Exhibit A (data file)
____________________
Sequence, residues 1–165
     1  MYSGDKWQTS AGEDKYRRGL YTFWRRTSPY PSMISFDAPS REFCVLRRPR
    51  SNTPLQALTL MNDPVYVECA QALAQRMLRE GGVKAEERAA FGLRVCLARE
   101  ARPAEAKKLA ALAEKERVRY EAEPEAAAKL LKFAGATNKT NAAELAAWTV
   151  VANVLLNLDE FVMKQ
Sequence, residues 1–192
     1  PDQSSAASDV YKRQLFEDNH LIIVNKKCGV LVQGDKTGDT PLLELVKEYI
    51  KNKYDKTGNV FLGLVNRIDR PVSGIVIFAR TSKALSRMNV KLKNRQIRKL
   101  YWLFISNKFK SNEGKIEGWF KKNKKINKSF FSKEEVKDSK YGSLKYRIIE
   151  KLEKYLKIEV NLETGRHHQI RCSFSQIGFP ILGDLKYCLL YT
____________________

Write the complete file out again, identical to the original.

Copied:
Sequence, residues 1–165
     1  MYSGDKWQTS AGEDKYRRGL YTFWRRTSPY PSMISFDAPS REFCVLRRPR
    51  SNTPLQALTL MNDPVYVECA QALAQRMLRE GGVKAEERAA FGLRVCLARE
   101  ARPAEAKKLA ALAEKERVRY EAEPEAAAKL LKFAGATNKT NAAELAAWTV
   151  VANVLLNLDE FVMKQ
Sequence, residues 1–192
     1  PDQSSAASDV YKRQLFEDNH LIIVNKKCGV LVQGDKTGDT PLLELVKEYI
    51  KNKYDKTGNV FLGLVNRIDR PVSGIVIFAR TSKALSRMNV KLKNRQIRKL
   101  YWLFISNKFK SNEGKIEGWF KKNKKINKSF FSKEEVKDSK YGSLKYRIIE
   151  KLEKYLKIEV NLETGRHHQI RCSFSQIGFP ILGDLKYCLL YT